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Global bond selloff, White House receives FBI Kavanaugh report, and China’s stealth chip. Here are some of the things people in markets are talking about today.
A government bond rout that began yesterday in the Treasury market has gone global, gripping markets from Asia to Europe. The move began yesterday after stronger-than-expected data on the U.S. economy and was bolstered by comments from Fed Chair Jerome Powell in which he said the central bank may eventually boost its benchmark past the neutral level. In Japan, the 10-year yield rose to 0.159 percent, a level last seen when the Bank of Japan introduced its negative rate policy in January 2016, while in Europe, German debt bore the brunt of the selling with benchmark bund yields climbing to 0.537 percent.
The White House announced it had received the FBI’s report on allegations of sexual misconduct against Supreme Court nominee Brett Kavanaugh. Senators will be allowed to view the report before voting on the nomination, which could come as soon as tomorrow. President Donald Trump has been unflinching in his support for his pick, and seems to have calculated this will help drive Republican voters to the polls in November.
Investigators have found a tiny microchip on the motherboard of servers assembled by Super Micro Computer Inc. that allow attackers to create a stealth doorway into any network using the machines, according to Bloomberg Businessweek. Multiple people familiar with the matter say the chips were inserted at manufacturing subcontractors in China. Amazon.com Inc., Apple Inc., SuperMicro, and the Chinese government all issued statements disputing the findings in Bloomberg’s report. The FBI and the Office of the Director of National Intelligence, representing the CIA and NSA, declined to comment.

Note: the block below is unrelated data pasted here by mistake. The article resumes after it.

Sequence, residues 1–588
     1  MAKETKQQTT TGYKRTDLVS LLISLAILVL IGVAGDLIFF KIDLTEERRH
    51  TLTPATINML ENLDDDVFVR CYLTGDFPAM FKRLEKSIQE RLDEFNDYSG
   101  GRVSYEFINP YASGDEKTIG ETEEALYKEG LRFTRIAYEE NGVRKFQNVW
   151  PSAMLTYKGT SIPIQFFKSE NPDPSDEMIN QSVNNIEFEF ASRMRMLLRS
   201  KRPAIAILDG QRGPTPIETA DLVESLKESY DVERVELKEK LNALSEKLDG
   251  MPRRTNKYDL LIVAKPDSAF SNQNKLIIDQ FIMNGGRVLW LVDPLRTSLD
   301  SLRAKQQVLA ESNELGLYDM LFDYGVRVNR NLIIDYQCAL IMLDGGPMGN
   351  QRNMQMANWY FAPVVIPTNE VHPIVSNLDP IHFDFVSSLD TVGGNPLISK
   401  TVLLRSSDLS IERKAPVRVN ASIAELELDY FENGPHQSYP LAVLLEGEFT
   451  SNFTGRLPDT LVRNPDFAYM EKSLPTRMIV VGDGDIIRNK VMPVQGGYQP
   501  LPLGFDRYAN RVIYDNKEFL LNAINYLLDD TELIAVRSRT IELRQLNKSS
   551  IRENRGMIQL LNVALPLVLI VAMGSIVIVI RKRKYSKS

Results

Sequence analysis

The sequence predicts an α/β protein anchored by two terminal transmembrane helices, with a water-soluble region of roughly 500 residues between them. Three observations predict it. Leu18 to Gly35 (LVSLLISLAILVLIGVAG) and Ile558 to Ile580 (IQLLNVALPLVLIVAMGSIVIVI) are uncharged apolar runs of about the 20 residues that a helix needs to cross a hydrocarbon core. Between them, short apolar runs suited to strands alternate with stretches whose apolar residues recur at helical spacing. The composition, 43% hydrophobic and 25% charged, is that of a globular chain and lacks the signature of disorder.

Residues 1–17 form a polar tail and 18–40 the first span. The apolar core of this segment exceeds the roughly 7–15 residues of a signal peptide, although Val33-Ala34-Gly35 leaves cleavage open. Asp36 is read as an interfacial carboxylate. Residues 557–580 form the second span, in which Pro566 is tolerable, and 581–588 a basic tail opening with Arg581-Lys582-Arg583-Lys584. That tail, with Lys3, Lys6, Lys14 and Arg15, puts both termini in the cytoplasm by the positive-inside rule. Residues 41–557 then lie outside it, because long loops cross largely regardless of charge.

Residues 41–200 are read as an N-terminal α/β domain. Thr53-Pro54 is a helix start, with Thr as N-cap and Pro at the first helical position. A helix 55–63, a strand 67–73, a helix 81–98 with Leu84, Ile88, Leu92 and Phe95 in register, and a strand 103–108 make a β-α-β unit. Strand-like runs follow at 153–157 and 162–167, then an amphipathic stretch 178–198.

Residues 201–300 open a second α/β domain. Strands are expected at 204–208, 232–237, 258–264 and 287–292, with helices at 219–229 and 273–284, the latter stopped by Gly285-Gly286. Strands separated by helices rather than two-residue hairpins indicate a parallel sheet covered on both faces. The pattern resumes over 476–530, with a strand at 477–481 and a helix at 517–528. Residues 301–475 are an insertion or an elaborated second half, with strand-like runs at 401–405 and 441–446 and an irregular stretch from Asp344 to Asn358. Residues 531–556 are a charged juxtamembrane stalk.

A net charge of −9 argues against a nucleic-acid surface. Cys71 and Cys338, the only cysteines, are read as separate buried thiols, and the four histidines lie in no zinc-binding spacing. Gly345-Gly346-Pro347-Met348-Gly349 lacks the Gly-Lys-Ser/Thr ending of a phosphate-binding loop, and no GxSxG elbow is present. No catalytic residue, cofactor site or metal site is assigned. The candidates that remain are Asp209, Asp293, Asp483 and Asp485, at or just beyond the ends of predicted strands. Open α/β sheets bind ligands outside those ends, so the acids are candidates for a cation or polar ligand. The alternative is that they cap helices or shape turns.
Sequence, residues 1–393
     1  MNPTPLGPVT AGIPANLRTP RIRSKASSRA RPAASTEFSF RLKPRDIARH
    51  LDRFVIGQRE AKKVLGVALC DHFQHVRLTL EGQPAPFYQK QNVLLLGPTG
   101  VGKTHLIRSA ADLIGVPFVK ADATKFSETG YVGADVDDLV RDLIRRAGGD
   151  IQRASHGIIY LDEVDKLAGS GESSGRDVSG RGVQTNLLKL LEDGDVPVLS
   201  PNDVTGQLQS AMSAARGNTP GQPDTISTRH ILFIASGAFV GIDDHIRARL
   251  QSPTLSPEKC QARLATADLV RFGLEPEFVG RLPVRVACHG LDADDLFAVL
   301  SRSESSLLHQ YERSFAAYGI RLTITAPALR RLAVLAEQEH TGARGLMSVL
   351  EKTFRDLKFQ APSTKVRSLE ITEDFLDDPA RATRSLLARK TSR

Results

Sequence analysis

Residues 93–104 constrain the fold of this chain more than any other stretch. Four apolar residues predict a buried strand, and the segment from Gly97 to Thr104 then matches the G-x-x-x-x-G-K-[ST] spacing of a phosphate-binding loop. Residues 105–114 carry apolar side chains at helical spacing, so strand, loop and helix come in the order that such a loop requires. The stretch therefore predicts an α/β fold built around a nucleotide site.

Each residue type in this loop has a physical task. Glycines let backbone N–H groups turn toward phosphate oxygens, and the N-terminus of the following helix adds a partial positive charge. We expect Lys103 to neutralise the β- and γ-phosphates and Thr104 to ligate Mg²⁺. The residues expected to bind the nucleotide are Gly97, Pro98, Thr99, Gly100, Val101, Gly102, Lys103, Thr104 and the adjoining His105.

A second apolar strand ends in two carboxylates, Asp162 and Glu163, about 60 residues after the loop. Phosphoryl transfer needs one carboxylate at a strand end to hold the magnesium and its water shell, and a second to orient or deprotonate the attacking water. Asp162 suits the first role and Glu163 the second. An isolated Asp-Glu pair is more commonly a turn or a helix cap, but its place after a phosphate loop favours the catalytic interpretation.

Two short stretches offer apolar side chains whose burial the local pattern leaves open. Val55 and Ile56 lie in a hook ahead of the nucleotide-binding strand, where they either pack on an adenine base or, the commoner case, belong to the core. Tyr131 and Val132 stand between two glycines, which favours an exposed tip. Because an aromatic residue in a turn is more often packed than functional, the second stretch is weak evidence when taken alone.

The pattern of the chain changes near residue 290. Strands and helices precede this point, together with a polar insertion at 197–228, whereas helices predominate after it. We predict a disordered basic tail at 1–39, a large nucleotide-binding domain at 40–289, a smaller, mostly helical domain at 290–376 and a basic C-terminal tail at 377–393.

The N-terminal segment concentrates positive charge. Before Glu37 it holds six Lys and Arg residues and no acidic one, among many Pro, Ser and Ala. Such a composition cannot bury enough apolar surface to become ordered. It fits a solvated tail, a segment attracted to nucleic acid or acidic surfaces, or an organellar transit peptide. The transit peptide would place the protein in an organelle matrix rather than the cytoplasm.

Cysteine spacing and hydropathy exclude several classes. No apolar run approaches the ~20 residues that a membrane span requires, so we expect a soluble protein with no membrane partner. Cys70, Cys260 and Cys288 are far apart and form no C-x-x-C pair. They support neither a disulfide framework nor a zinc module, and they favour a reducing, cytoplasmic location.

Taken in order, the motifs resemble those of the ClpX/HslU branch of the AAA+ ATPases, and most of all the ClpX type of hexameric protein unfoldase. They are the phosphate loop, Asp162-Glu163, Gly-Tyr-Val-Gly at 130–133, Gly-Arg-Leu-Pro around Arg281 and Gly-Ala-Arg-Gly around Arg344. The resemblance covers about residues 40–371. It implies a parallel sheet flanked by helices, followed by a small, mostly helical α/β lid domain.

Overnight, the MSCI Asia Pacific Index slid 1.2 percent while Japan’s Topix index closed 0.1 percent lower as the weakening yen protected that country’s stocks from the worst of the selloff. In Europe, the Stoxx 600 Index was 0.8 percent lower at 5:50 a.m. Eastern Time with every major gauge in the region in the red. S&P 500 futures pointed to a drop at the open, the 10-year Treasury yield was at 3.215 percent and gold was flat.
At 8:30 a.m., weekly initial jobless claims data will give one last look at the health of the U.S. jobs market ahead of tomorrow’s payrolls numbers. Durable goods and factory orders numbers for August are due at 10:00 a.m. Vice President Mike Pence will accuse China of election-meddling in a speech at the Hudson Institute in Washington later today. Also in the capital, the Economic Club of Washington will hold an event with White House economic adviser Larry Kudlow.
What we've been reading
This is what's caught our eye over the last 24 hours.
- The tyranny of the dollar.
- U.S. plans show of military force to deter China.
- Oil’s march towards $100 is just what electric cars need.
- Bill Gross sets record with $10 million New York stamp auction.
- From pizza to Lambos: Charting Bitcoin’s first decade.
- German bankers Quicktakebrace for more cuts after losing 188,000 jobs.
- The long strange history of the presidential text alert.
©2018 Bloomberg L.P.